Mass Surveillance and the ‘Electronic Concentration Camp’
Jim Marrs worries that joint psychologist-police units like the FTAC in Britain might serve as a prototype for similar units in the U.S. “Is this coming to America soon?” Marrs asks.
Harlan Girard would probably answer: “It’s already here!”
Mr. Girard is the Managing Director of the International Committee Opposing Microwave Weapons (ICOMW), and he firmly believes that the United States government has already established what he calls an “Electronic Concentration Camp System.”
See the homepage of his website here: http://www.icomw.org/
Essentially, the ECCS is a network of microwave towers and broadcast centers that can virtually imprison any citizen of the United States that the Thought Police wish to target. It’s a people zapping system, used to track, torture and psychologically harrass inconvenient people who, for one reason or another, have been placed on the government’s long list of enemies.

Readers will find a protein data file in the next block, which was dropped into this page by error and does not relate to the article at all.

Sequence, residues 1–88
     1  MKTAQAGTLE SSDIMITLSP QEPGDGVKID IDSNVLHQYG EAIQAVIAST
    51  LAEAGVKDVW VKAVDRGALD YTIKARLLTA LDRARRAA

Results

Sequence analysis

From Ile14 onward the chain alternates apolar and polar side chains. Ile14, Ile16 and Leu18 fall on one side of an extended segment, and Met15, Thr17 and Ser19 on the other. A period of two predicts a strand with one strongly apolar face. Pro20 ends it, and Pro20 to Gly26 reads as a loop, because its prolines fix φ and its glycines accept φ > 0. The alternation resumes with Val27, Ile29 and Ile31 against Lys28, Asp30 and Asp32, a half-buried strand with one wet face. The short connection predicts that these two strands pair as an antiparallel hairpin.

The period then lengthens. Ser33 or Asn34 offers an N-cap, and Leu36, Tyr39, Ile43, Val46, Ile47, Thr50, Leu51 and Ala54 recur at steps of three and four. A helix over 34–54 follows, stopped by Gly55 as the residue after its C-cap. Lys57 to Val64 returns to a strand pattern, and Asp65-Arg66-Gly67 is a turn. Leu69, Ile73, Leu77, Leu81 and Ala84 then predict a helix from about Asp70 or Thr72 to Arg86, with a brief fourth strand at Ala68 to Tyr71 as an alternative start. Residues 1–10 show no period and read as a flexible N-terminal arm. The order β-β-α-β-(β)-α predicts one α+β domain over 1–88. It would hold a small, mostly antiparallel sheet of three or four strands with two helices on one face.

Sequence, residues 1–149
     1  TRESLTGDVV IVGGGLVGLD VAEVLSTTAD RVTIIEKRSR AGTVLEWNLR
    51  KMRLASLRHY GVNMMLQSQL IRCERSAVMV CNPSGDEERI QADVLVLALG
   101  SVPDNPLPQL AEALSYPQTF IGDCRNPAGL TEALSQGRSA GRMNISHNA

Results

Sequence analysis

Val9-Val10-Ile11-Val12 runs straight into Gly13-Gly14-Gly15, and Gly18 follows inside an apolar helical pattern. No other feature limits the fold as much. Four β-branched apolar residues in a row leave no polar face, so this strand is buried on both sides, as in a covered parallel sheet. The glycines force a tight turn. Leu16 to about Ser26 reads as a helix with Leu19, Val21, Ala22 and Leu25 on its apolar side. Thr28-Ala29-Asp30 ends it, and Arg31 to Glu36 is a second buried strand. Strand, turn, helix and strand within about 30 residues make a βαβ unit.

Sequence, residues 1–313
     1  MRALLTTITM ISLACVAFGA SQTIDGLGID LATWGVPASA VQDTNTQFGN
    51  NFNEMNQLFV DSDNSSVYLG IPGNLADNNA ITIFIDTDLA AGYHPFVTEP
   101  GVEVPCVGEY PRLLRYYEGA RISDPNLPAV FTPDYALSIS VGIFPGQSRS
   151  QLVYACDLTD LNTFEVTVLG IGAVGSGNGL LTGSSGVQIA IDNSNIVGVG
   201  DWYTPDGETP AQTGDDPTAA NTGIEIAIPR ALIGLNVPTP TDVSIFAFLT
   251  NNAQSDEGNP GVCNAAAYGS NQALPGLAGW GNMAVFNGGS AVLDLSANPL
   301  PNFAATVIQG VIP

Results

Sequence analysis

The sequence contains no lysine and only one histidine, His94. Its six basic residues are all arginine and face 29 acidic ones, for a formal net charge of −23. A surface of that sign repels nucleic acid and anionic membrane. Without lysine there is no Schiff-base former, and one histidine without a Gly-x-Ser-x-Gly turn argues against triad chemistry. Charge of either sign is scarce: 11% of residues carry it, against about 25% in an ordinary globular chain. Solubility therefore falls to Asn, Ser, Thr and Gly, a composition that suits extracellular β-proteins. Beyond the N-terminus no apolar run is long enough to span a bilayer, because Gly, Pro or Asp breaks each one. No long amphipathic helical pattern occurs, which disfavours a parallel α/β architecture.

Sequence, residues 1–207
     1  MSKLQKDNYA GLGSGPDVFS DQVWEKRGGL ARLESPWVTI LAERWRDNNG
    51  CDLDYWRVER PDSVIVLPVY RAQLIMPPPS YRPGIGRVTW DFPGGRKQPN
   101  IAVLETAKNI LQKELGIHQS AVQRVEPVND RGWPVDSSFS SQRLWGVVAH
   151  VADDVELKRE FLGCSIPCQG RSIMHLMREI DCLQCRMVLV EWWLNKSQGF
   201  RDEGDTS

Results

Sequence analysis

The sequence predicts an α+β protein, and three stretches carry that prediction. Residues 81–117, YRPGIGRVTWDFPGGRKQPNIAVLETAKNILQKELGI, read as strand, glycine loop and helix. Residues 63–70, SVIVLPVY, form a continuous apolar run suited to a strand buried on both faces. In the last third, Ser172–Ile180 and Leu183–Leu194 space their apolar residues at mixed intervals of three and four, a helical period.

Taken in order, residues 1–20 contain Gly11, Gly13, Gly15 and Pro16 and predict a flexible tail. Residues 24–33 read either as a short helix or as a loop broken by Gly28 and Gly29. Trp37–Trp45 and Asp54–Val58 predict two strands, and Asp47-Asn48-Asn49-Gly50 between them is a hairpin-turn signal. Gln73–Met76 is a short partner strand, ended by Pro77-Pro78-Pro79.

To support this claim, Girard has amassed an impressive collection of documents, posted at the website’s archive, here: http://www.icomw.org/archive.asp
The documents in this archive clearly indicate that the U.S. government has no need of the small FTAC units used by the British Government. The number of peace protestors and politically “inconvenient” people who have suddenly begun to hear voices in their heads strongly suggests that the U.S. government has built and fielded something much bigger, much more powerful, and much more scary: a fully developed and fully operational Electronic Concentration Camp System.
If the secret police, operating under the umbrella of counterterrorism, wish to “section” an inconvenient citizen “without any criminal proceedings,” they simply enroll that individual into the ECCS.
Technically, the “Targeted Individuals” remain free, but they are tortured 24/7 with microwave weapons, often to the point of losing their minds. They hear voices and experience a wide variety of horrible sensations. If they voluntarily turn themselves in to a psychiatric hospital, they are immediately diagnosed as schizophrenic and sectioned. Thus they are discredited and stigmatized for life. Those who turn to mainstream media are openly mocked.